Fall bass fishing can be a tricky endeavor at times but once you finally crack the code and get on an awesome bite, it can be one of the best times of year to bass fish. It’s tough to find size this time of year around much of the country but you can catch insane numbers if you land on the right group of fish. The action stays pretty hot throughout the early part of the month but regardless of your location, it tends to get a little tougher as we inch towards December.
So before we get into more details, I think it’s important to understand a few important things about November bass fishing. In the southern states, you might still see some schooling baitfish and shad near the surface for much of the month. In the rest of the country, however, you can expect both the bass and baitfish to begin heading to deeper wintering holes towards the mouths of creeks and pockets where they will likely spend the next few months.
In this month’s edition of “What We’re Throwing”, we’re going to do our best to cover all types of locations so you can make the most of your time on the water. While everyone else is out hunting, this is an incredible time to take advantage of the lack of fishing pressure. Make sure you make most of it!
Lightweight jig to capitalize on fall rate
Fall rate becomes a really big deal this time of year and it should never be overlooked. I learned this the hard way because for several Novembers, my buddies were always telling me about the awesome jig bites they’d get on. I can skip and pitch a jig as good as anyone and I’m telling you, I just couldn’t get a dang bite. I’d fish shallow cover, deep cover and everything in between and it would just about drive me crazy.
The issue, I eventually learned, was that I was using a jig that was far too heavy. I normally like to fish a 1/2-ounce jig throughout most of the year. I thought as the water cooled, I should “downsize” to a 3/8-ounce jig and that would be plenty light enough to make a difference.
News flash: It didn’t make a difference. I still wasn’t getting bites. As time went on, I learned that I needed to downsize even more.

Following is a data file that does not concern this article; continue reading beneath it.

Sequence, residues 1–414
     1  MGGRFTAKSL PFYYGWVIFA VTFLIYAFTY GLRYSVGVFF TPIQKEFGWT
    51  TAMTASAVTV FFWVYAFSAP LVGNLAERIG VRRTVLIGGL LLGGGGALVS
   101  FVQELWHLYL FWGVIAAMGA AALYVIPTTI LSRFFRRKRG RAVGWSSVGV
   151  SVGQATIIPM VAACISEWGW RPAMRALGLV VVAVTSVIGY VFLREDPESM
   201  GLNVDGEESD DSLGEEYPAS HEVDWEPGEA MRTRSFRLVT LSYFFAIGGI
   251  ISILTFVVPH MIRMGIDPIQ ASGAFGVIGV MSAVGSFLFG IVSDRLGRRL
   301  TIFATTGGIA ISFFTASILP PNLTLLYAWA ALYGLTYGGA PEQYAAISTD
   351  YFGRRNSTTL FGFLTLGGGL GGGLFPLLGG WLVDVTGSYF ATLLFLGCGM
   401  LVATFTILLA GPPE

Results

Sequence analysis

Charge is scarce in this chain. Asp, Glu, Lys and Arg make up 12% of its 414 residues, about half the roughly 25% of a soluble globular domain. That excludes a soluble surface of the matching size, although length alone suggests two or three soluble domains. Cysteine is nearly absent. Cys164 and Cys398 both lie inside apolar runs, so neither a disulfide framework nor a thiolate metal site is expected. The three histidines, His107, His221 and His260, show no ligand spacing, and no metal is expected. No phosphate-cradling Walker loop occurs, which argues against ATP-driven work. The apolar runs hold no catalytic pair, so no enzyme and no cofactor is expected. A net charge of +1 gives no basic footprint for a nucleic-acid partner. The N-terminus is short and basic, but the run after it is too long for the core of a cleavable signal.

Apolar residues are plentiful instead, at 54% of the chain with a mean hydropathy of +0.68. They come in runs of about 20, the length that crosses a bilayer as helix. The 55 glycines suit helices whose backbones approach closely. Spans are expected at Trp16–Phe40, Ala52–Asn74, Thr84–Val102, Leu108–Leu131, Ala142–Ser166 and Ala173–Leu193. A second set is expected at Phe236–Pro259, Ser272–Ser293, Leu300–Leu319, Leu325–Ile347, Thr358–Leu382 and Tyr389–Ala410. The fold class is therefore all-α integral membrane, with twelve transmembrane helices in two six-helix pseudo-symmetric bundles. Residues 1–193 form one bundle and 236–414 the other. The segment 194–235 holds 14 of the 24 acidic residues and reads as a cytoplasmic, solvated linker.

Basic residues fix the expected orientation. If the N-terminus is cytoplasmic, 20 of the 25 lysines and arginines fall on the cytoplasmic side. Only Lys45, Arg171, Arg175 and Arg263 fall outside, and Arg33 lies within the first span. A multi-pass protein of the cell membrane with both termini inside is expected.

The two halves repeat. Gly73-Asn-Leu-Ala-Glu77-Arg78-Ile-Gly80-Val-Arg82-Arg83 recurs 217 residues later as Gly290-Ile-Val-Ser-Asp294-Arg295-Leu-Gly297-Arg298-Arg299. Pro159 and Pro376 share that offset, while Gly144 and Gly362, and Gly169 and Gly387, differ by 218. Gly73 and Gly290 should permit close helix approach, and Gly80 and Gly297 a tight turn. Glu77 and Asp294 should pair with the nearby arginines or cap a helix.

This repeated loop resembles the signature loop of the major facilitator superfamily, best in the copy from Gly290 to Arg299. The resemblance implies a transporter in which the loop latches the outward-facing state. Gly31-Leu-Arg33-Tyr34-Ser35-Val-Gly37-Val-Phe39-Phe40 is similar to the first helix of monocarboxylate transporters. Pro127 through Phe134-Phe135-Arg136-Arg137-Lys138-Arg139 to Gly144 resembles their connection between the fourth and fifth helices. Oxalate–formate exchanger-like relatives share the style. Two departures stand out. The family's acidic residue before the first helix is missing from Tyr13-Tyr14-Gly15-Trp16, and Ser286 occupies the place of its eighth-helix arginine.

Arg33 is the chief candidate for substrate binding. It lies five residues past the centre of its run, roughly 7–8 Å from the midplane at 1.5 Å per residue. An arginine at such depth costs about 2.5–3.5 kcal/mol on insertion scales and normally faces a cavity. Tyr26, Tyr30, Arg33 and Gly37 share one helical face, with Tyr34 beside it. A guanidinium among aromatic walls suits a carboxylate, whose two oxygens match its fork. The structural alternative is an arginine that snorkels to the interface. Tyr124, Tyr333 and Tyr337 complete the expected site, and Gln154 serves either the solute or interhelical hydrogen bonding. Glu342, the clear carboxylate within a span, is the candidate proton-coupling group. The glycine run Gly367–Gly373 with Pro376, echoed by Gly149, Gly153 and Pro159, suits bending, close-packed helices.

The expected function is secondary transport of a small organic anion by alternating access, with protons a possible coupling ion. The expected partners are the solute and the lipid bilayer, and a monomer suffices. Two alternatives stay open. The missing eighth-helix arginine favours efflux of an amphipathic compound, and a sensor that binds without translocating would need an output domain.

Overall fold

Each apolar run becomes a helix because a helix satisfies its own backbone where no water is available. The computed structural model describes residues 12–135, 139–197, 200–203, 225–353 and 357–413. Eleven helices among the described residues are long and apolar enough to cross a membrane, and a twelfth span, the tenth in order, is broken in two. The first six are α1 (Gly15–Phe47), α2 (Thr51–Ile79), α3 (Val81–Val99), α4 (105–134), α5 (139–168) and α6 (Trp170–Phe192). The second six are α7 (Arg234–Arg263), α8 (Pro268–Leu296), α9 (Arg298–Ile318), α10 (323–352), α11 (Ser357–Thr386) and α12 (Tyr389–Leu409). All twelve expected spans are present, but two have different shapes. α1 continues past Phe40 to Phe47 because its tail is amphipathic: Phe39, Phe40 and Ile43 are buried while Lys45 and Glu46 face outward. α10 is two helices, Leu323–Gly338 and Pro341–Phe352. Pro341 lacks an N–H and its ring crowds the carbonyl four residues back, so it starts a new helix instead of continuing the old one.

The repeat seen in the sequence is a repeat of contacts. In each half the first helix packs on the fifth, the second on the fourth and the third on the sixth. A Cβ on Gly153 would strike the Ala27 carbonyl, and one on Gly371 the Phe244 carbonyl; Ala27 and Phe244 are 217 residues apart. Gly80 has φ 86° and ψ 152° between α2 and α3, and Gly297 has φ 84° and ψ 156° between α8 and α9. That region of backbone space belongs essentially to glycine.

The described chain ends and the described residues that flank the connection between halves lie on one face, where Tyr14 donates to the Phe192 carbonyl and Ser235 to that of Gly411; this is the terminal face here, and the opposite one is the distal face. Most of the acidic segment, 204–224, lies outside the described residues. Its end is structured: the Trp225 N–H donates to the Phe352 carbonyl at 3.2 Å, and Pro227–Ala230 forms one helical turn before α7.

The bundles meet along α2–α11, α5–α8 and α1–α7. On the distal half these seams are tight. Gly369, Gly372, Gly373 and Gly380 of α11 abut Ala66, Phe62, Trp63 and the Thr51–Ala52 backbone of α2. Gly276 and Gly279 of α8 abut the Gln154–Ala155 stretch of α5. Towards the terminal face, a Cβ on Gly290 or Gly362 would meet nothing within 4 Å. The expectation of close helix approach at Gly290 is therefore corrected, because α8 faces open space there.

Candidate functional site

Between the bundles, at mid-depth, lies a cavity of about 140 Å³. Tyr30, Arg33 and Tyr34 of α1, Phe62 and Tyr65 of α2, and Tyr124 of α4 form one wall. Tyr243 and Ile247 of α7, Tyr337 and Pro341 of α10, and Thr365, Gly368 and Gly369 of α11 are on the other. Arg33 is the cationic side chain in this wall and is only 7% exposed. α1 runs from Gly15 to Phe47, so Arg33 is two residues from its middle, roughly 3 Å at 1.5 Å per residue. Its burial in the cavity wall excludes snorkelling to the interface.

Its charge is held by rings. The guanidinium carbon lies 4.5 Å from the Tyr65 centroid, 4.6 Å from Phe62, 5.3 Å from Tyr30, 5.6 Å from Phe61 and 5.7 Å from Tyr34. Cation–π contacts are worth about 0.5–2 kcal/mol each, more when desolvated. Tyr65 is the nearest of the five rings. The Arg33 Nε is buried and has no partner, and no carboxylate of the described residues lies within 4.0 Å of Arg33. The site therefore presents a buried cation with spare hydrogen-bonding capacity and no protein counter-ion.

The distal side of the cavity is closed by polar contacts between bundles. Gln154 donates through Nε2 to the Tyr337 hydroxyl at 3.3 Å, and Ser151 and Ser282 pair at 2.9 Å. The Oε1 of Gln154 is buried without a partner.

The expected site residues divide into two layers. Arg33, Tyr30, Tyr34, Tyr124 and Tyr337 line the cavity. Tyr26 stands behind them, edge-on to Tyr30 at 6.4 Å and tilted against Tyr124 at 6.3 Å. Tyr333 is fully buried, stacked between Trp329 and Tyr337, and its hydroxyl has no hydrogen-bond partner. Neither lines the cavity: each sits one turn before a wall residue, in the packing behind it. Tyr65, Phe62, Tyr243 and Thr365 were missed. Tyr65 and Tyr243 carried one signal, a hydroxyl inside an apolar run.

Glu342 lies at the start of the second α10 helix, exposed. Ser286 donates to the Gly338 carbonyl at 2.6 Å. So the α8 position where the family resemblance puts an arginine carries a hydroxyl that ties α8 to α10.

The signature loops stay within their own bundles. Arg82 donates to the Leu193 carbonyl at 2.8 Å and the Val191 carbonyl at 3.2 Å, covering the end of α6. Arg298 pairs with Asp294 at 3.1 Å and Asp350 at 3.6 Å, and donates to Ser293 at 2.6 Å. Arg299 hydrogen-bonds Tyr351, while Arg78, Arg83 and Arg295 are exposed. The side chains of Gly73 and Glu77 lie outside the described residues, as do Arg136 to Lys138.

So when your jig bite slows down this month, make an effort to change your jig size. Try a 3/16- or 1/4-ounce jig with a bulky trailer. We don’t need to turn it into rocket science when it comes to your trailer selection. I would suggest using a bulky craw-style trailer with some type of flanges on it to slow the fall on the initial presentation. If you’re someone who likes to use a more old-school chunk-style trailer, that will work excellently as well.
These lightweight jigs will be a bit tougher to accurately skip and pitch but don’t let that discourage you from trying them. It might take an afternoon to get used to it but I’m telling you, this can be a huge tool from now until the prespawn period. I bring this up because this was a huge reason I didn’t throw a lighter jig in colder weather. In the back of my mind, I felt like it needed to be lighter but with my big ol’ jig-pitching rods and heavy line, they were a pain in the butt to skip and pitch. But learn from my mistakes: stick with it and you’ll be rewarded.
Bait pictured: 1/4-ounce Z-Man CrossEyeZ Power Finesse Jig
As I’ve written about in recent months, I’ve become an enormous fan of bass fishing jerkbaits. I never liked ‘em while I was younger but I began to notice through the years that every time I tied one on, I’d catch a fish within just a few casts it seemed. So after a bunch of fish catches on ‘em, I finally got it drilled through my thick skull that they were super effective throughout much of the year.
November is no different and, in fact, I’d argue that this might be the best time of year to throw a smaller jerkbait. Standard-sized jerkbaits will certainly get you some bites as well but it seems, in my experience, that my smaller jerkbaits get a lot more bites right now than anything else.
In regards to location, I’d recommend targeting shallow cover adjacent to deep water. So if your local fishery has docks on the main lake or fallen trees near a river or creek channel swing, I’d absolutely suggest throwing a small jerkbait in these areas. They don’t come through cover very well, so it’s important to skirt the sides and front of this cover. These areas are places bass will use as a “rest stop” throughout their fall migrations. They’ll stop on these pieces of cover as they come to and leave the areas, making them great, high-percentage locations to find a willing participant.
Bait pictured: Yo-Zuri 3DR-X Series Jerkbait
Lipless crankbait… but with a little color to it
I get it… we all know lipless crankbaits are a pretty standard choice for fall bass fishing and for good reason. They catch the heck out of fish and it’s awful tough to go wrong with ‘em. But it’s important, in my opinion, to choose a color pattern that will differentiate your lure from the thousands of live baitfish surrounding it.
In much of the country, bass are finishing their annual shad ambush throughout the first-half of November. This leaves you with an interesting problem: You’re surrounded by bait, there’s plenty of bass in the area but you can’t get a bite. Why in the world would a bass want to eat your fake offering when they’re surrounded by the real thing? It would be like me asking you to eat a plastic cheeseburger when you’re surrounded by a bunch of filet mignon.